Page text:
Junior Ganymede
We endeavor to give satisfaction

Change in Latitude

November 12th, 2017 by John Mansfield

Eleven years ago, we had arranged to spend Labor Day weekend at the beach, an end-of-summer recreation. A tropical storm arrived before we did and summer ended for us a little earlier than we had desired. Six years before that, we finished up three years living in Los Angeles just four miles from beaches that we enjoyed frequently year round. The muting of seasonal cues became stranger to my perception the longer I was there. I would strain to recollect milestones by which I could reckon the current month, much as I usually do to figure out the date of the month when a calendar is not at hand. A neighbor cut down a Norfolk pine, and I obtained a couple feet of the trunk to show the cub scouts its rings. It turned out that it didn’t have any distinct rings. Not even the trees of LA know what season it is.
My first year as a missionary was a confusion of seasons. I trained in Provo in summer. In the early evening, the district would take a break outside and toss a frisbee around. The last couple weeks leading to our August 5th departure, sunset was on the shoulder, off the plateau, arriving a minute earlier every day. It was still summer, but it wouldn’t last. Then suddenly it wasn’t summer anymore; it was late winter with frost and ice puddles in the morning. Elder Peterson explained that the local Mothers’ Day was observed in spring, which would be in October, and that afforded him a second occasion to call his mother each year while away. That first area’s climate and vegetation (link) were a bit like those of my native land (link), and it was only two degrees farther from the equator, It warmed quickly enough, especially after Elder Workman arrived in September. His mother suffered some ailment requiring surgery, and he fasted for her and called her by phone. I would meet her in her Eager, Arizona home four years later. The clear, dry air, the low level of outdoor lighting, and our plentiful time outside provided excellent enjoyment of the sky. I became fond of tracking the moon, day and night.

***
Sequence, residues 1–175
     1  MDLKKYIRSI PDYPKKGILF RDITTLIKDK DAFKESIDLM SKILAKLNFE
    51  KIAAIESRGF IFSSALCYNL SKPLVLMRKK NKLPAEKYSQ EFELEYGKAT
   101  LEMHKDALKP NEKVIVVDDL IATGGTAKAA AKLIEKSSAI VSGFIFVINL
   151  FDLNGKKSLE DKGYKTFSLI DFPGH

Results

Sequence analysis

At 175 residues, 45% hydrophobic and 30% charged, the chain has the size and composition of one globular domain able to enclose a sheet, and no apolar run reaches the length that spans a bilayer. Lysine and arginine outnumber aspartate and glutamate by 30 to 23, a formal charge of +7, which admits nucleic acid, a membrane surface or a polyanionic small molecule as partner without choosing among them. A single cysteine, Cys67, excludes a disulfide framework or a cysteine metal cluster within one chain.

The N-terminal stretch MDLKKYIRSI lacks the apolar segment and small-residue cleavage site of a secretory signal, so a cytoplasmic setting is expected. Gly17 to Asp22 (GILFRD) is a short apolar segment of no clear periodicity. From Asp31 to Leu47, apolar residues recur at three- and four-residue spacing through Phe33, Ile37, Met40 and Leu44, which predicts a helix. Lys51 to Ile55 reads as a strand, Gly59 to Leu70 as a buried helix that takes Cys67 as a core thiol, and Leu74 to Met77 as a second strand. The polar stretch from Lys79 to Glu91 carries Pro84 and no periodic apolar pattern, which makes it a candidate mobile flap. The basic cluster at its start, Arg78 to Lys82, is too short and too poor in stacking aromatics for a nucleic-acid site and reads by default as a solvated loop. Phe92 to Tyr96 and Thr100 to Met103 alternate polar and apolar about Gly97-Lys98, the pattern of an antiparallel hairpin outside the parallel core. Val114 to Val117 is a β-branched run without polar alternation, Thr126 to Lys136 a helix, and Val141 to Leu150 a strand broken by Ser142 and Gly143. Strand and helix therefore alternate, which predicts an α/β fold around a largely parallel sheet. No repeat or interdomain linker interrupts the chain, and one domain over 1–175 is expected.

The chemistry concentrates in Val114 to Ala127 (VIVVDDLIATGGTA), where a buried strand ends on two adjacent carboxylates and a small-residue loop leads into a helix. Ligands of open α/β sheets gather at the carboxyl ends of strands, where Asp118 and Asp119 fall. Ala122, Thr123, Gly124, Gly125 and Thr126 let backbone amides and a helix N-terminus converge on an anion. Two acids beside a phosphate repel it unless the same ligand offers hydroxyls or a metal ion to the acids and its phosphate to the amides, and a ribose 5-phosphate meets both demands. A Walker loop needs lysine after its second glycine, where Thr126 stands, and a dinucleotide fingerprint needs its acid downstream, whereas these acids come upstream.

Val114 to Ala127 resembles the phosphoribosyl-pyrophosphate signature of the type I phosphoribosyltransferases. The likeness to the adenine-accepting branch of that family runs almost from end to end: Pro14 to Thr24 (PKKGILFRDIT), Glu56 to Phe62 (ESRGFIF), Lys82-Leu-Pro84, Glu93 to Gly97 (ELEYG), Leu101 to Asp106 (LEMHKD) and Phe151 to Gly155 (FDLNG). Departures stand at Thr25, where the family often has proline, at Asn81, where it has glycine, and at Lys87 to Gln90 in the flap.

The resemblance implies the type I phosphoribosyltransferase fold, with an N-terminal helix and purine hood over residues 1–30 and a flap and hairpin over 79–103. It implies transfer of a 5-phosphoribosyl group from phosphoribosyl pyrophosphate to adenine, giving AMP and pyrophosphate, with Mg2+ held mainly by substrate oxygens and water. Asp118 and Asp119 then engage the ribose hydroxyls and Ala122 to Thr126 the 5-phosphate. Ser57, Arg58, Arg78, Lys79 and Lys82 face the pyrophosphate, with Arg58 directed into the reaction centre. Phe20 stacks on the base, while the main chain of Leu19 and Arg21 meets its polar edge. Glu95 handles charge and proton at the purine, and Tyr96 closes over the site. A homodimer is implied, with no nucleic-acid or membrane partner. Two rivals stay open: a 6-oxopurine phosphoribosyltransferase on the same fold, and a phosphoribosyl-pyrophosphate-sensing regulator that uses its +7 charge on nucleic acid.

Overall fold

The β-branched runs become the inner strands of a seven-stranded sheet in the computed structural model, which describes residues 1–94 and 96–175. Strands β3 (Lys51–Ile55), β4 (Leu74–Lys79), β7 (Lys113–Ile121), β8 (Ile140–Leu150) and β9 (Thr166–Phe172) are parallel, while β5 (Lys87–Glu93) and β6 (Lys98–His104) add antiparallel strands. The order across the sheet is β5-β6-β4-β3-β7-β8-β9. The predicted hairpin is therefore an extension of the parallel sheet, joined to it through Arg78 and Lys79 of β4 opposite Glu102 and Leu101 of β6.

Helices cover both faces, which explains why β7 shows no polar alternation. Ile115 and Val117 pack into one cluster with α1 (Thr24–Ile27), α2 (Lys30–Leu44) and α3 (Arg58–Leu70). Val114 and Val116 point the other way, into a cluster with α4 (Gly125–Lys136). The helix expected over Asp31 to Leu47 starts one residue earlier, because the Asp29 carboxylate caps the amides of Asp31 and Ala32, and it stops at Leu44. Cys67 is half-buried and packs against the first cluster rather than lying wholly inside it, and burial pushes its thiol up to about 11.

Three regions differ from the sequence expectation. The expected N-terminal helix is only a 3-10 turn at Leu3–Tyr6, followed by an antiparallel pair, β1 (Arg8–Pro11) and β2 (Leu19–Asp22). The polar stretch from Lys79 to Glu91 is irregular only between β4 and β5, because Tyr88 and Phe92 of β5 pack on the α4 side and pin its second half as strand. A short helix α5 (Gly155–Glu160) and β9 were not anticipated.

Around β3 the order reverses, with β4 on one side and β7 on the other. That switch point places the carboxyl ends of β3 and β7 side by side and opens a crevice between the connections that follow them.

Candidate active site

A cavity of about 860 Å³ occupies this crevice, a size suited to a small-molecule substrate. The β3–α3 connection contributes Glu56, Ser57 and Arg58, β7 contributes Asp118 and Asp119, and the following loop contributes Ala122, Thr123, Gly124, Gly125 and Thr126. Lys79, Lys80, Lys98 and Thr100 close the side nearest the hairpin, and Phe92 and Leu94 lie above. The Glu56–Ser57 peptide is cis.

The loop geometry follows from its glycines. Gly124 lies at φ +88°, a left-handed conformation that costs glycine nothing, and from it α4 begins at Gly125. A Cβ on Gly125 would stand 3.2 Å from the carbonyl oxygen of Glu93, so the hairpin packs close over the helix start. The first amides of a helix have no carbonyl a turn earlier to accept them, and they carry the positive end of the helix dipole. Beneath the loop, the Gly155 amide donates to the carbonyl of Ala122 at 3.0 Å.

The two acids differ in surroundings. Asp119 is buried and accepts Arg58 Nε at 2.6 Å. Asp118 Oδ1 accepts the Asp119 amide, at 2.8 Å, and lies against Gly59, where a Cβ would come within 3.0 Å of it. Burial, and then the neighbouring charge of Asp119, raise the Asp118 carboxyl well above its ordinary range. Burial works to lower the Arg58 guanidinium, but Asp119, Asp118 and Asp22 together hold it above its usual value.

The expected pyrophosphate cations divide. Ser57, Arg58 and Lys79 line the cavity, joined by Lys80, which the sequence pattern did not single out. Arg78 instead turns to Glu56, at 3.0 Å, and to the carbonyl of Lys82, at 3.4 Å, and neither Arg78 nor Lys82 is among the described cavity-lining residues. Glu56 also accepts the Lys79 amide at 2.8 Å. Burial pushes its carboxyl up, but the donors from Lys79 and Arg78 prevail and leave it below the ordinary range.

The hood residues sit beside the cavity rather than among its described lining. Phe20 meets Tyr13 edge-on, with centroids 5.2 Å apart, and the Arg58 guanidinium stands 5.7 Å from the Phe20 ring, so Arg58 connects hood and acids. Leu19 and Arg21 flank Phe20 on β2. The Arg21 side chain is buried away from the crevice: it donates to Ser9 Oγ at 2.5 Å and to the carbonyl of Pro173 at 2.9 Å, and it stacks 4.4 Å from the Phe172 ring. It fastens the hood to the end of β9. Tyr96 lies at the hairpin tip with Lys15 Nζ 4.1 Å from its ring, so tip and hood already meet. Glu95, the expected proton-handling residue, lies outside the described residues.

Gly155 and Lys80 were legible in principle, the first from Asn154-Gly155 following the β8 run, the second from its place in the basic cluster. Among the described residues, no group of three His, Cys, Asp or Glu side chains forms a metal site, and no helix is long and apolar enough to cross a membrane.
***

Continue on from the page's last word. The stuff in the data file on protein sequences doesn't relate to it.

It was good and hot, like a Nevadan likes it, by the time I was sent 13 degrees further south on December 2. In that second area, the sun would wheel around two-thirds of the horizon, its altitude never higher than 62 degrees, though it was summer. A couple times we walked home under midnight twilight. When Elder Pinder left home, it was doubtful he would see his cancer-stricken mother again, but more than a year later, her disease was in remission. Midsummer was warm enough, but we always wore our overcoats as a defense from the perpetual wind. I always imagined those winds arriving from Antarctica, though at that latitude, they should have been westerlies from the horse latitudes, not polar easterlies. We were 40 miles from the Magellan Strait and taught a gendarme airplane mechanic whose duties took him to Antarctic bases the same distance from us as the mission office. One fun stunt was to unbutton our coats, clutch them close and face into the wind. Then we would spring straight up and unfurl the coats like kites, and be carried however many feet the gale had strength for. The natural vegetation in the field was tough little stuff only a few inches high, something like alpine tundra (link). Trees planted in town were shielded when young from breezes that would otherwise dry them out quickly, but still their trunks were all inclined about 45 degrees from vertical.

The last day of the year, the mission secretary informed me that my mother was dead. Between a mail strike and my transfer, the last letters from home had arrived five weeks earlier and had been written a week or two before that. The last letter from my mother that I had read said she was seeing a doctor about unspecified discomfort, but she didn’t want me to worry about it. So I hadn’t. New Year’s phone calls were making it impossible to get a line to the capital, let alone to the United States. On January 3rd, I finally got through to my family’s phone, but it just rang, so I called my bishop. He had just stepped in from conducting my mother’s funeral, and my family was en route to the cemetery in Logandale (link). Through the bishop, I arranged to call my family the next morning, and I spoke with my father and with my sister (but not with my mother). Later that month I had contact from my mother again: when the mail strike ended, the backlog of letters arrived at once, most of them from my mother, then from my sister when my mother could no longer write.

There was one solitary summer day that the wind was calm. We left our overcoats home and the sun beat down on our jackets. We listened and heard nothing: there was no wind. We felt hot and carried the jackets on our arms, mostly to enjoy the fact that we could. By the end of February, the wind started to have an icy edge to it. March 13th I traveled 950 miles north to my next area, a port city. Autumn was like spring for me, delightful mild weather, comfortable with a jacket on and even more so with one off. From that point on the march of the seasons proceeded normally. A year and a quarter later when my austral service ended, the return to the northern hemisphere from winter on the Pampa left no particular impression on my tired mind.

Comments (2)
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November 12th, 2017 05:48:28

D. J. "Isaiah" T.
November 12, 2017

You were a beautiful missionary, John. I’m tellin’ ya, you were so beautiful, even your stinky, dirty FEET were beautiful. That’s how beautiful you were. Believe me.

November 14, 2017

it is good to see the threads of poetry and meaning that run through our lives, and good to write them up, beautifully and sensitively, as you have done.
Thank you.

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